induce hepatic GST and/or NQO1 via activ ation of Nrf2 and
ARE in HepG2 cell line. Prince et al found that auraptene
and imperatorin induced murine liver cytosolic GST activi-
ties via the Nrf2/ARE mechanism, whereas isopimpinellin,
although structurally similar, did not appear to activated
HepG2-ARE-GFP and the Nrf2 knockout mouse, which
might indicate that isopimpinellin induced GST and NQO1
via additional mechanism .
In addition, the presence of low concentrations of H2O2,
one of ROIs, was able to inhibit caspase-mediated apoptosis
The Structure and Pharmacological Functions of Coumarins Current Medicinal Chemistry, 2009 Vol. 16, No. 32 4247
in Jurkat cells . The mode of procaspase-9 activation in
order to inhibit apoptosis was probably through the reversi-
ble oxidation of sensitive cysteine residues by the presence
of H2O2 in an iron-dependent reaction . Coumarins are
known to have the ability to act as an anti-oxidant and a radi-
cal scavenger. As a result, coumarins might be related to
activation of caspase-9 and induction of cell apoptosis. But
this signal transduction mechanism remians unclear, and
now is under investigation by our research group.
Osthole (37) was tested in cyclooxygenase and 5-
lipoxygenase bioassays and turned out to be a moderate and
selective a 5-lipoxygenase inhibitor (IC50=36.2 μM) .
4-methylesculetin and 4-methyldaphnetin were tested on
ionophore-activated rat leukocytes (a cell system that express
both cyclooxygenase and 5-lipoxygenase pathways of ara-
chidonate metabolism) and were found to inhibit selectively
the proinflammatory 5-lipoxygenase enzyme with 5, 7-
dihydroxy-4-methylcoumarin demonstrating a higher po-
tency against cyclooxygenase . It is well known that
lipoxygenase (LOX) possess regiospecificity during interac-
tion with substrates and on this basis have been primarily
designed as arachidonate 5-, 12-, and 15-LOX. 5-LOX repre-
sents a dioxygenase that possesses two distinct enzymatic
activities leading to the formation of LTA4, which is con-
verted to 5-hydroxyeicosatetraenoic acid (5-HETE) or five
lipoxygenase activating protein (FLAP).
Modeling and sequence comparisons of the human 12-
and 15-LOX has led to suggestions as to which residues are
required for determination of the positional specificity .
Few studies have presented the direct binding data of LOX
enzyme to the inhibitors, and details of their interactions
remain unclear. Using the crystalline structure of rabbit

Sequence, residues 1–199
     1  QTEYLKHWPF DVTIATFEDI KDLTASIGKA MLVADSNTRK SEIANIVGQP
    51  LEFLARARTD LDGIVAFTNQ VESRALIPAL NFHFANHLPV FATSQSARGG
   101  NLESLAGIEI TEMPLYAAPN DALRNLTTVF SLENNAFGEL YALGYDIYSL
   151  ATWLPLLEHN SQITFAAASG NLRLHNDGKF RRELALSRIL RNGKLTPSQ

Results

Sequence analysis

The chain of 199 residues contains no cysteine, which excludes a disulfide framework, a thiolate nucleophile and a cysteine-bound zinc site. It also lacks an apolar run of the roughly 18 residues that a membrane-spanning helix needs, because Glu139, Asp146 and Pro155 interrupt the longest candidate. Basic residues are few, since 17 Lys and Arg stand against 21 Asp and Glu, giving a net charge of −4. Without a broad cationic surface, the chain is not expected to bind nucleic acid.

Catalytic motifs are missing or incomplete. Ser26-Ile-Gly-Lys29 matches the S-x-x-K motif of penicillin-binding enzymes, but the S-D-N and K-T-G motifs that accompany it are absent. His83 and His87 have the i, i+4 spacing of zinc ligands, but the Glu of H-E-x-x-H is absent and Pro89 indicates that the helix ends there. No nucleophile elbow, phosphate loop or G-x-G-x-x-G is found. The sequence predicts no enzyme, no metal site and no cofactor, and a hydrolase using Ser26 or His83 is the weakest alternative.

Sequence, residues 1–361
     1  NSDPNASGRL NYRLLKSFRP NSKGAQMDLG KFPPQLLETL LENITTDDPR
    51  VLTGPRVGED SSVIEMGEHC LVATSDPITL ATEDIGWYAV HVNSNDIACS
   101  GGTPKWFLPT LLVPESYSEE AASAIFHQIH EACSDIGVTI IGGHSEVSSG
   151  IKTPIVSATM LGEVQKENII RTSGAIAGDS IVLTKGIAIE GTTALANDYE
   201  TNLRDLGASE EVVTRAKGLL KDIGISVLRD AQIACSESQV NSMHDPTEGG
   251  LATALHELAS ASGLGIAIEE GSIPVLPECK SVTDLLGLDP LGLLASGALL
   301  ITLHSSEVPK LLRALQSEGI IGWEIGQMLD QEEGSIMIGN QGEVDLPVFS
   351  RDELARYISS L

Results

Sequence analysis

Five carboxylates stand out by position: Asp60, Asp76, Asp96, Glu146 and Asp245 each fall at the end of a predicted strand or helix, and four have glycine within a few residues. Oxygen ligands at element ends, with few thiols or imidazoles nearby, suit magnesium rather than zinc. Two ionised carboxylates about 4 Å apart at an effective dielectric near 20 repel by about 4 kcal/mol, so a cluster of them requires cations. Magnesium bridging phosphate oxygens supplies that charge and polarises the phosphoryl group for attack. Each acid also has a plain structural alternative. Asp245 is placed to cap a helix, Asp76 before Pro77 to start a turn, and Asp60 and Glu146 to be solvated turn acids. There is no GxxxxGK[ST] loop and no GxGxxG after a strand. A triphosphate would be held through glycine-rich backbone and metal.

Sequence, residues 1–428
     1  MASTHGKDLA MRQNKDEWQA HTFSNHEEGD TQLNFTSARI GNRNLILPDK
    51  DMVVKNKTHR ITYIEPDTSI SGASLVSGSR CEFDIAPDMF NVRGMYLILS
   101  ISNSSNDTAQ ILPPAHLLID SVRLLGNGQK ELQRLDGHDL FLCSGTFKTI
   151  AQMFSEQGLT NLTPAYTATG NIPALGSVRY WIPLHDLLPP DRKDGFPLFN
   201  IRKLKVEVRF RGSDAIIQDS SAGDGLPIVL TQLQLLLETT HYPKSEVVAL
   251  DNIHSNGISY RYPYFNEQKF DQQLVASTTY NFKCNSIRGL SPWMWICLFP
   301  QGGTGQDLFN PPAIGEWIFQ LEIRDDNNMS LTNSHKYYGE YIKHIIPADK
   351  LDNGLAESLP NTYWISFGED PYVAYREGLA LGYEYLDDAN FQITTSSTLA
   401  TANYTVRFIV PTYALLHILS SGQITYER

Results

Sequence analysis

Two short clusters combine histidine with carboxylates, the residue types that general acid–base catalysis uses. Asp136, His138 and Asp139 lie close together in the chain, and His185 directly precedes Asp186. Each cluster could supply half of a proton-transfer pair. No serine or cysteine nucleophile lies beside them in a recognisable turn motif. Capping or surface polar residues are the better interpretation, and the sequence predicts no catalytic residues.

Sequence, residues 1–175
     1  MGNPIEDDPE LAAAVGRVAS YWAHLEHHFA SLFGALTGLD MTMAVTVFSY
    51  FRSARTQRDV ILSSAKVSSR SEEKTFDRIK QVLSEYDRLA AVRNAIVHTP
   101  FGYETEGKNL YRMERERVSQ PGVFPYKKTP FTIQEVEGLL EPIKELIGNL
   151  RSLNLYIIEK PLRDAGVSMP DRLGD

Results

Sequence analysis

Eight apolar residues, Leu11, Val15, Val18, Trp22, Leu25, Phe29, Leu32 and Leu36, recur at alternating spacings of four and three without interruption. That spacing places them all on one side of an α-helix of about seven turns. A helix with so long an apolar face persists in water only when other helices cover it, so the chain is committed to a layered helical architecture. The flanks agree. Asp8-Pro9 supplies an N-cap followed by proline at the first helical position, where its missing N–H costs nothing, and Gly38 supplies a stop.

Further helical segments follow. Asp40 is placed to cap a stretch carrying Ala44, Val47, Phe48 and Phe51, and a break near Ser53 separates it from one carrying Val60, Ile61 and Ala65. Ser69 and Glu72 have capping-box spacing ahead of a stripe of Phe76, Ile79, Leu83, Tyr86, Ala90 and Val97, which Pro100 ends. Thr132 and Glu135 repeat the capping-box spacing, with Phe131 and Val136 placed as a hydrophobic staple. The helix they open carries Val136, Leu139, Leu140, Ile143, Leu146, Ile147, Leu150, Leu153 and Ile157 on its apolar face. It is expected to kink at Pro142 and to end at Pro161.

15-LOX, it was noted that the base of the boot shaped sub-
strate binding pocket wad lined by the side chains of Phe353,
Ile418, Met419, and Ile593 and the volume of the pocket
could be important for positional specificity. It is predicted
that 12-LOX has a slightly larger substrate binding pocket
compared to 15-LOX, whereas the pocket of 5-LOX is pre-
dicted to be 20% larger . Based on the crystallographic
data of rabbit 15-LOX, Du et al (2006) investigated the bind-
ing of human 5-LOX with its inhibitor, including esculetin,
by SPR technology correlating with molecular docking simu-
lation and found that the inhibitors should share some analo-
gous features: a polar head and tail interacting with the hy-
drophilic portion of 5-LOX through hydrogen bonds or elec-
trostatic interactions, and a hydrophobic body stretching into
the large hydrophobic channel of 5-LOX to form strong hy-
drophobic interactions with its surrounding lipophilic resi-
dues . Accumulating evidences suggest that the 5-LOX
pathway has profound influence on the development and
progression of human cancers . The 5-LOX pathway
interacts with multiple intracellular signaling pathways that
control cancer cell proliferation . Experimental data
reveal that 12-LOX is involved in both cancer cell prolifera-
tion and survival . Esculetin can selectively inhibit
LOXs with different IC50. In platelet, esculetin inhibit 12-
LOX with IC50=0.65 μM . Whereas esculetin inhibits
the formation of 5-HETE with IC50= 1.46mM in polymor-
phonuclear leukocytes, although more strongly than HHT
(IC50= 57.3mM) . The roles of 15-LOX in cancer de-
velopment are unclear. However, esculetin can also inhibit
the formation of 15-HETE from 15-LOX.
On investigation of specific products of the LOX path-
way mediating the autoregulatory effect of glucose and glu-
cose transport in vascularsmoothmuscle cells (VSMC) and